Potential participants were recruited from a local university. Twenty young healthy participants (Group 1: age = 27.40 ± 2.07, two women and eight men; Group 2: age = 27.10 ± 2.08, two women and eight men) were recruited. All of them were postgraduate and met all of the following criteria: 1) 18 to 30 years old; 2) right-handed, according to the Edinburgh handedness inventory ; and 3) normal or corrected-to-normal vision. Participants were excluded if they met any of the following criteria: 1) any contraindication to TBS, such as a history of seizures, metal implants, and pregnancy. All participants were screened by a standard safety checklist before enrollment ; 2) previous history of any neurological or psychiatric diseases; 3) presence of upper limb injuries in the past three months; and 4) presence of congenital deformities of the bilateral upper extremities. This study was approved by the Human Subjects Ethics Committee, The Hong Kong Polytechnic University (reference number: HSEARS20190326003). All participants voluntarily consented to participate in this study and their written informed consent was obtained before participation commenced.
Participants were randomly allocated to one of the following two groups by drawing lots: Group 1: cTBS followed by iTBS; and Group 2: sham cTBS followed by iTBS. All participants had to attend four consecutive TBS sessions and two EEG assessments before and immediately after 4 daily sessions of stimulation.
Motor threshold assessment
The stimulation site for iTBS was the right motor cortex. The optimal position was defined as the coil position eliciting the largest MEP, with the coil rotated 45° from the sagittal plane. The stimulation position was maintained by a neuro-navigation system (Localite, Bonn, Germany). Resting motor threshold (RMT) is defined as the minimum intensity over the hot spot that elicits an MEP of no less than 50 μv in three out of six trials over the contralateral first dorsal interosseous (FDI). MEPs were visualized and measured through the MEP monitor (MagVenture, Denmark), with an inter-pulse interval of at least five seconds.
Daily serial sessions of iTBS were delivered by MagPro X100 stimulator (MagVenture, Denmark) with a standard butterfly-shape coil (C-B60), over the right M1 for four consecutive days. Repeated applied stimulation sessions were used in order to obtain observable modulatory effects and to imitate the design usually applied in clinical intervention  .We followed previous studies, using four daily sessions of iTBS for healthy adults [30-32]. The standard 600-pulse TBS protocol was followed . The stimulation intensity of iTBS was set at a safety limit of 70% of the individual’s RMT . We did not set the intensity based on the active motor threshold (AMT), because a previous study has shown that pre-stimulation muscle contraction during the measure of AMT could influence the after-effects of TBS . Sham stimulation was delivered using the same coil that delivers only 20% of the individual RMT. All participants were told that TBS was a subthreshold stimulation that could not induce significant arm movements or somatosensory perception. The interval between priming and stimulation sessions was 10-minute. We choose the 10-minute interval based on a previous in vitro study about reversal of synaptic plasticity in response to TBS , and followed a previous human neurophysiological study about priming iTBS . Participants were asked to complete a questionnaire regarding the side effects of iTBS they experienced upon the completion of each stimulation session.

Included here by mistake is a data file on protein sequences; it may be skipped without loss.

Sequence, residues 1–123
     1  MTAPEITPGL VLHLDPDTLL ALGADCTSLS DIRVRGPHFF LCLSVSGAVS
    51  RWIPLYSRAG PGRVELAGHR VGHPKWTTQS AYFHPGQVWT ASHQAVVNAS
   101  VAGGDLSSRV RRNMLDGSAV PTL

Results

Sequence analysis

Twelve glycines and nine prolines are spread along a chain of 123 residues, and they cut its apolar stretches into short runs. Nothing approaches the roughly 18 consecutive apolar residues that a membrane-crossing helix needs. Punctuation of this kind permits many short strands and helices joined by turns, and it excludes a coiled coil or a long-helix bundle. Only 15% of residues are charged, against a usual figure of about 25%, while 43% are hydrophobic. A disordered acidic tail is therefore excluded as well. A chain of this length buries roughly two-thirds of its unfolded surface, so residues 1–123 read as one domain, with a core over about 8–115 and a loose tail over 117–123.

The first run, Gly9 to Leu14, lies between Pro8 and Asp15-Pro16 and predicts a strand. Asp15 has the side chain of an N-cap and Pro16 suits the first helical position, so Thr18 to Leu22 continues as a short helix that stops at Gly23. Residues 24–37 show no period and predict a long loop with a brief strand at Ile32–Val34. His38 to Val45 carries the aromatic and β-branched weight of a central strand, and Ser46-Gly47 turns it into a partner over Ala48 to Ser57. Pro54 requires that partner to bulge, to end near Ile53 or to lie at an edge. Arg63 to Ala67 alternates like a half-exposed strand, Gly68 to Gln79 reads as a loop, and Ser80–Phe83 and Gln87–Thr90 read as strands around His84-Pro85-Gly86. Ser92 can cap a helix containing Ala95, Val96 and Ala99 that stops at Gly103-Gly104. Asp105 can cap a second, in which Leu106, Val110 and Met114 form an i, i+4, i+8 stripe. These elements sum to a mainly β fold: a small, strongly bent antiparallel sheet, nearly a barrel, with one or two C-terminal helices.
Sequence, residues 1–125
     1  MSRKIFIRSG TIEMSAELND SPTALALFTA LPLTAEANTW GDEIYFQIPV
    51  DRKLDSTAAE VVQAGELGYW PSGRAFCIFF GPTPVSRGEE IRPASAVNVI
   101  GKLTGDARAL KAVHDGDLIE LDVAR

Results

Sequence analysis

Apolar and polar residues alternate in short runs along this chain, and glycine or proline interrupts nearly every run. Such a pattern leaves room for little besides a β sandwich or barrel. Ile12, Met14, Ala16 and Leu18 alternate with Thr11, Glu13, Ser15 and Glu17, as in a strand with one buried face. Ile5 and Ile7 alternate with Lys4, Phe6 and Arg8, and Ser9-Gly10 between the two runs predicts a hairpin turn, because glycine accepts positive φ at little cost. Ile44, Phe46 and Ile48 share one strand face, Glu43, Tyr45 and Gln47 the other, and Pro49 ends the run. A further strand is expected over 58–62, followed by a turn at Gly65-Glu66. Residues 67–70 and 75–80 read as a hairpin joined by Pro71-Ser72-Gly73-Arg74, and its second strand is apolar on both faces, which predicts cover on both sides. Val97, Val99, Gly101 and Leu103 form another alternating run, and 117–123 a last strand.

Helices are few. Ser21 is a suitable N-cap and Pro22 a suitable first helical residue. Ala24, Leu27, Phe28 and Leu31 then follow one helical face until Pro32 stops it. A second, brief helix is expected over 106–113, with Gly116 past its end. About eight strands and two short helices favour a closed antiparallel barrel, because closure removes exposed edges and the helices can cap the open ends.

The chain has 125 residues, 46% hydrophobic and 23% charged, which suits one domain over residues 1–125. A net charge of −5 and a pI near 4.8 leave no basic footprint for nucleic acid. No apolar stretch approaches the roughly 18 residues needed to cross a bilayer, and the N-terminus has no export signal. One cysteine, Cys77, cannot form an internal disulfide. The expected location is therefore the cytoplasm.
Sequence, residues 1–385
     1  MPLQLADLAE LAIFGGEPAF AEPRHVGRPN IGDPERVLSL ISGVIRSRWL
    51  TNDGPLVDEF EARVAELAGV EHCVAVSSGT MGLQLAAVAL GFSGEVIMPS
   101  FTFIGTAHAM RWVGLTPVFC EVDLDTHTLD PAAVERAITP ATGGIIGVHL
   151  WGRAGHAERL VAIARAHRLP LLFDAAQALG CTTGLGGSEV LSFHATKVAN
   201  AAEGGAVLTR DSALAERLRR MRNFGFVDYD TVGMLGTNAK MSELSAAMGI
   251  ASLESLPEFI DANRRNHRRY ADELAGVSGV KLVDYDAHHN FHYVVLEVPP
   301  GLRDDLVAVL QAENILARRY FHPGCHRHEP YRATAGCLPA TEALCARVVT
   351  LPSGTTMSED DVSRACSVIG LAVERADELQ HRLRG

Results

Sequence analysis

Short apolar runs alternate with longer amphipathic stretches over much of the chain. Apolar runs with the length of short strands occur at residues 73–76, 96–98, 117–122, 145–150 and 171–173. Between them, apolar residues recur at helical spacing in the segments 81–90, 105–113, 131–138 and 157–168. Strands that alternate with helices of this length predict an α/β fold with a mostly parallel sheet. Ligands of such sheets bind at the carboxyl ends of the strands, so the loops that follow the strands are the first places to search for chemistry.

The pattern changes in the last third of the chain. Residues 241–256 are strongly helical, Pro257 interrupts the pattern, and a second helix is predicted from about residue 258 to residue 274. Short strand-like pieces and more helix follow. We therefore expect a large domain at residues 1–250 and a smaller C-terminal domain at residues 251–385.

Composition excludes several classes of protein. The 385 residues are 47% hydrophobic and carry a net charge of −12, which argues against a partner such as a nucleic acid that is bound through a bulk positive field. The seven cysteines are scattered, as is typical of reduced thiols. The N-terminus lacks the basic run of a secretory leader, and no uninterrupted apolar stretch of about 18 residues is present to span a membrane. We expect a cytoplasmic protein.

EEG was captured with a 64-channel cap, using a Digital DC EEG Amplifier and Curry 7 (Compumedics Neuroscan, USA). Electrode impedance was kept below 10 kOhm and the signal was sampled at 1000 Hz. Participants were seated upright in an electromagnetic shielded room and required to minimize any body movements during the recording. Movement-related and MVF-induced sensorimotor ERD were evaluated. Left index finger tapping and incongruent (i.e., mirrored) visual observation of the right index finger tapping were used to elicit the ERD over bilateral sensorimotor areas, with a possibly right dominant lateralization [32, 35]. For movement-related ERD, participants were instructed to tap on a computer keyboard three times with their left index finger, in response to 60 auditory cues (i.e., 300-ms beep sounds) delivered at random intervals (from seven seconds to 10 seconds) and to relax the finger after the completion of the movement. Participants were asked to focus on a centrally located fixation cross in a computer monitor placed in front of them.